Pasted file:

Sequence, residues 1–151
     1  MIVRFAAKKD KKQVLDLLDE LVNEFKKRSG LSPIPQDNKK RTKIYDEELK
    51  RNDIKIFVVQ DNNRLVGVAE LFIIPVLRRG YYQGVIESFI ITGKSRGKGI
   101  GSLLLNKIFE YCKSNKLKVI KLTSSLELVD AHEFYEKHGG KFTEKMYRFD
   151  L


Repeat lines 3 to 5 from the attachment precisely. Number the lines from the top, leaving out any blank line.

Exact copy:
    51  RNDIKIFVVQ DNNRLVGVAE LFIIPVLRRG YYQGVIESFI ITGKSRGKGI
   101  GSLLLNKIFE YCKSNKLKVI KLTSSLELVD AHEFYEKHGG KFTEKMYRFD
   151  L